SURRENDER, A JOURNAL FOR MY DAUGHTER
Picador, rrp $49.99
Surprisingly, for a book of marvellous images, by an artist in mid career, this book is difficult to review. It’s beautiful to look at. It’s overwhelming.
There’s so much there – drawings, photographs, paintings, poetry, small prose, longer pieces, references to films made, journeys taken, and family life. It covers a privileged childhood with private schooling, travel, many adventures. Joshua Yeldhams father and mother ran The Squire Shop in Double Bay, and the Yeldham family was an important part of the Sydney social scene. (It was also later wracked by scandal and tragedy).
There were the art school years for a good looking, talented young man, and a time making films. There was a sleep-out journey through Central Australia, (at one stage he lived in an abandoned rusty bus), and always the art. Joshua Yeldham’s paintings have been hung in the Archibald, the Wynne and the Sulman exhibitions.
The book is a love song to his daughter, Indigo: first put together as just a personal story for his daughter, as a self published book, and finally it was taken up by Picador.
Yeldham now lives in what has been described as a beautiful house overlooking Pittwater. He has a marvellous, attractive, loving family. He lives for creativity, being at one with nature, and for some kinds of spiritualism. His good friend Richard Roxbrough has written a fine introduction.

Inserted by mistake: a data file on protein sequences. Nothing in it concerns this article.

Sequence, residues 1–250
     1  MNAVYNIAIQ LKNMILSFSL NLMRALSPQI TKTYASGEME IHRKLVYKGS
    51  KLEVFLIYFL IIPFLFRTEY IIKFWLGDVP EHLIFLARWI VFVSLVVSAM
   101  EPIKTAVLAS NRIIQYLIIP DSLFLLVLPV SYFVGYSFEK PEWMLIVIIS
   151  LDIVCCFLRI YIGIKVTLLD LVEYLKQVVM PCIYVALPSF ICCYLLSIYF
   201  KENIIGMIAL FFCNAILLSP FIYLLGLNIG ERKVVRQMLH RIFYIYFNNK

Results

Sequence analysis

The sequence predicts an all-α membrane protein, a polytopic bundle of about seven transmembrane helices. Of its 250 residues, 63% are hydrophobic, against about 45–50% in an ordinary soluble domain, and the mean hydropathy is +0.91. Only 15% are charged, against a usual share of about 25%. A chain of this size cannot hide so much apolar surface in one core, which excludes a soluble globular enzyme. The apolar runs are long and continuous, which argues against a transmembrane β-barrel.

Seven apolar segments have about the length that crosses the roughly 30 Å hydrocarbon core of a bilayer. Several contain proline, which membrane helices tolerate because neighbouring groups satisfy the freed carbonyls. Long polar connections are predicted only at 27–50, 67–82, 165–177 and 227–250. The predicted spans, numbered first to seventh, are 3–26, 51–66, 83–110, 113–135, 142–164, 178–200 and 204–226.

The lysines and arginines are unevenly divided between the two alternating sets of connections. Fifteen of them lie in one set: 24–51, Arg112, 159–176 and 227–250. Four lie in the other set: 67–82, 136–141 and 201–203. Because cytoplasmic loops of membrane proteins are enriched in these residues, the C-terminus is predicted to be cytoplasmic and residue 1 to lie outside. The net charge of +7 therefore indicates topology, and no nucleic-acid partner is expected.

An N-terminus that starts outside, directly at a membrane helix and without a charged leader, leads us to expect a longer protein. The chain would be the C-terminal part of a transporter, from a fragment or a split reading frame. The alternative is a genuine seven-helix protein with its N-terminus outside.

The book is spilling over with marvellous images – photos, some etched with fabulous patterns, paintings with very beautiful gentle colours – greys and greens and sandy browns, reds, blues in patterns reminiscent of aboriginal art, or batiks, tattoos and totems. His own totem is the owl, and there are many images of owls. A self portrait as a strange staring owl was hunSurrg in the Archibald in 2013. The owl stands for wisdom, but, apparently, also for fertility, and for power. A creature of nature.
And yet, and yet…Joshua Yeldham is an artist… but not a writer. The poems and written pieces don’t resonate, too hippy-dippy, and in the end don’t really come off. But they are personal notes to his daughter, so it is churlish to criticise.
Also, because Indigo is mentioned so often as the most beloved daughter, the reader begins to feel left out. What about other daughters? My daughters? This constant reminder of his daughter narrows the work as a book for the public.
But then the beautiful images pull you back in.
One more quibble. Joshua Yeldham is an image maker, an artist, immersed in communing with nature, and spiritual journeys, and his love for his family. His all-encompassing creativity is, of course, wonderful. But reality is tough, and messy, and can be grim, and nature can be cruel. Just a hint of this would give this book another dimension.
Maybe it is there, in the Owl.